Listening In: Radio And The American Imagination by Susan J. Douglas

By Susan J. Douglas

Few innovations evoke such nostalgia, such deeply own and brilliant stories as radio—from Amos ’n’ Andy and Edward R. Murrow to Wolfman Jack and Howard Stern. Listening In is the 1st in-depth heritage of the way radio tradition and content material have kneaded and elevated the yankee psyche.

But Listening In is greater than a historical past. it's also a reconsideration of what hearing radio has performed to American tradition within the 20th century and the way it has introduced a very new auditory size to our lives. Susan Douglas explores how listening has altered our day by day studies and our personal generational identities, cultivating assorted modes of listening in numerous eras; how radio has formed our perspectives of race, gender roles, ethnic obstacles, kinfolk dynamics, management, and the iteration hole. along with her trademark wit, Douglas has created an eminently readable cultural historical past of radio.

"Douglas’s tremendous publication bargains a cosmopolitan background of radio listening." —Journal of yank heritage

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As might be surmised from the name, an electromagnetic wave consists of an oscillating electric field and a magnetic field. It can exist in a vacuum and does not need a medium in which to travel. 47 shows one and a half cycles of an e-m wave. The electric (E) and magnetic (H) fields are at right angles and both are at right angles to the direction of propagation. 47: An electromagnetic wave. By convention the polarisation is taken from the electric field, so this is a vertically polarised wave Frequency and Wavelength B where μ0 is the permeability of free space and ε0 is the permitivity of free space, both natural physical constants.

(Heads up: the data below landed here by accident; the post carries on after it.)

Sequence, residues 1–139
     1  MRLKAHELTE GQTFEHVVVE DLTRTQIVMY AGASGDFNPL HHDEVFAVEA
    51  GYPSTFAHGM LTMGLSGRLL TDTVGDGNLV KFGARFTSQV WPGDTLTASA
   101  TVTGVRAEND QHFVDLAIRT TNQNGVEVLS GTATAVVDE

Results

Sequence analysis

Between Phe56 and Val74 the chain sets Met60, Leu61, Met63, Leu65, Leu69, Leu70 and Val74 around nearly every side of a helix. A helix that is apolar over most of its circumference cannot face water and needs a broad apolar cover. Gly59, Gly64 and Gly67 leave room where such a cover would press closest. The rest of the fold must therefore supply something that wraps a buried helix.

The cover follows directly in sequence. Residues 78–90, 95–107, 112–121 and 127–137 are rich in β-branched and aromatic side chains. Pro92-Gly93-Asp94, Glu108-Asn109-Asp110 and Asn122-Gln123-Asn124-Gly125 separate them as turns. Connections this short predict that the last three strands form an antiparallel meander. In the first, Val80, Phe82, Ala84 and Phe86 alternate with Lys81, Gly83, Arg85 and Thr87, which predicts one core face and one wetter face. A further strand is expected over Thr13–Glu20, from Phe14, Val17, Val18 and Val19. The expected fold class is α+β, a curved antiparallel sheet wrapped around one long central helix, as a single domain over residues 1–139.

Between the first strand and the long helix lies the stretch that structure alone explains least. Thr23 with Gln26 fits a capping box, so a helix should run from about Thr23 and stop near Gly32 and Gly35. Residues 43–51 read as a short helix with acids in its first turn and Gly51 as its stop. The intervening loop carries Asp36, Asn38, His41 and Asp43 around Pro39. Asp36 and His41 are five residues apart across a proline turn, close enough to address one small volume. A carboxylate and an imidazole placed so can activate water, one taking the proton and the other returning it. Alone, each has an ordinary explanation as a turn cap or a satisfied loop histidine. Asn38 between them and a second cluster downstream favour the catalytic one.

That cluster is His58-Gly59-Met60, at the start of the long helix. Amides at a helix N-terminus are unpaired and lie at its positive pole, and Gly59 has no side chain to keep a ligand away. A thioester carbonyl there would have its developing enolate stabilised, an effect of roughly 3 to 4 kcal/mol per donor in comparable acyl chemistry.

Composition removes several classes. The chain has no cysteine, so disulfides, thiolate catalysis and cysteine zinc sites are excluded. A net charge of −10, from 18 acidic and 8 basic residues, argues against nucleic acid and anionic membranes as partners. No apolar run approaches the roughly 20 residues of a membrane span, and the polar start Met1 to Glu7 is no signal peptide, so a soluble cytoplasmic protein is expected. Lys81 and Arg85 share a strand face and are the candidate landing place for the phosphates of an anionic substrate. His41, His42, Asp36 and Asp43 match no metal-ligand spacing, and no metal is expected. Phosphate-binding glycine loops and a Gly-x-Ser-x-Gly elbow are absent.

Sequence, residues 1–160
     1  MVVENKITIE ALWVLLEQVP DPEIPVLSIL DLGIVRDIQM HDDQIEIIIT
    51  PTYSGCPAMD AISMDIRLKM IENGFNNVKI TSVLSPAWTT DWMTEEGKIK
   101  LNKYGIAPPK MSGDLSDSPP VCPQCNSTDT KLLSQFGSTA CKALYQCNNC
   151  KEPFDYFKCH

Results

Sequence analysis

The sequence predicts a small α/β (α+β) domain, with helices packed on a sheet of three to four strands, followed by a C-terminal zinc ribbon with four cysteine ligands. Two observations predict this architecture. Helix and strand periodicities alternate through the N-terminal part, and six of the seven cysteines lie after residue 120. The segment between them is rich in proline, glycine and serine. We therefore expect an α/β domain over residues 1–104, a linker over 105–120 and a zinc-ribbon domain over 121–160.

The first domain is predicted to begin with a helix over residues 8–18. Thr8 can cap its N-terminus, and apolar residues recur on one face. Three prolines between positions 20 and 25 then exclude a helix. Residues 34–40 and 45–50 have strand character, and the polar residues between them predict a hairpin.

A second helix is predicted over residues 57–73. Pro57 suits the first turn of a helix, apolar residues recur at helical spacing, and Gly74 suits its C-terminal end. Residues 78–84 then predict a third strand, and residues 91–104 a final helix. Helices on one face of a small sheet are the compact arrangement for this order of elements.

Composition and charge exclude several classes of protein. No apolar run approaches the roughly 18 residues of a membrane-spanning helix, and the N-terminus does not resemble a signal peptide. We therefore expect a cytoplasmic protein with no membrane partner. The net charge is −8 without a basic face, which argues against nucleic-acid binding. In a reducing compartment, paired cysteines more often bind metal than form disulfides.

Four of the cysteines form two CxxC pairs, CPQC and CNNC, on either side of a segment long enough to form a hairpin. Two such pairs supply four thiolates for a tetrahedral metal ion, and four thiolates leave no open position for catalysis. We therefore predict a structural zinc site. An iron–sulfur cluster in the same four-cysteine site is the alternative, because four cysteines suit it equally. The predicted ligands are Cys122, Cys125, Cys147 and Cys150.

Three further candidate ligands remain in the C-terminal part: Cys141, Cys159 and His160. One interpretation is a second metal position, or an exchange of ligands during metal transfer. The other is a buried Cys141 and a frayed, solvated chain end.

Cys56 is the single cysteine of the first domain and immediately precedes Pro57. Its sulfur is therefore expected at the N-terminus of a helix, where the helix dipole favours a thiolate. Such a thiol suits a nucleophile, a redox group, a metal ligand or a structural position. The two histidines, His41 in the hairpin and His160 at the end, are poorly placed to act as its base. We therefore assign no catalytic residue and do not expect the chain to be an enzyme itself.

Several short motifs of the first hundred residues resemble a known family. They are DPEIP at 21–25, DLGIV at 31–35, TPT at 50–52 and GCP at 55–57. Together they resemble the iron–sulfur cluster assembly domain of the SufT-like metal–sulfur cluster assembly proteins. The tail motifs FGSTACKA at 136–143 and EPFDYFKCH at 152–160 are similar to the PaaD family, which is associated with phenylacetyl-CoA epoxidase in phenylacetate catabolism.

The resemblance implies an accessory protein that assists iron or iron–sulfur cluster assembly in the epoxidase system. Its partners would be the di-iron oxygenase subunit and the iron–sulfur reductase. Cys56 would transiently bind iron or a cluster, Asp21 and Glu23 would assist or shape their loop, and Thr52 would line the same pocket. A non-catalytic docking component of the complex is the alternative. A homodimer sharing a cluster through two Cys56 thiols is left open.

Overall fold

Alternatively, only just enough gain should be used to overcome the noise introduced by the mixer. For frequencies up to 14MHz, it is not necessary to have any pre-mixer gain provided the mixer is a good low-noise design (see the chapter on HF receivers). Intermodulation can also occur in unlikely places such as badly constructed or corroded joints in metalwork. This is the socalled rusty-bolt effect and can result in intermodulation products which are widely separated from the original transmitter frequency and which cause interference with neighbours' equipment (see the chapter on electromagnetic compatibility).

Set the transmitter up with an audio signal generator at full amplitude at 1·042kHz (2·5/2·4). Listen to the carrier on a CW narrow bandwidth receiver and adjust the deviation on the transmitter for minimum carrier; this can also be done on a spectrum analyser if one is available. The deviation is now correctly set provided signals of greater amplitude are not fed into the microphone socket. Ideally the transmitter will have a microphone gain control, followed by a limiter and then followed by a deviation control.

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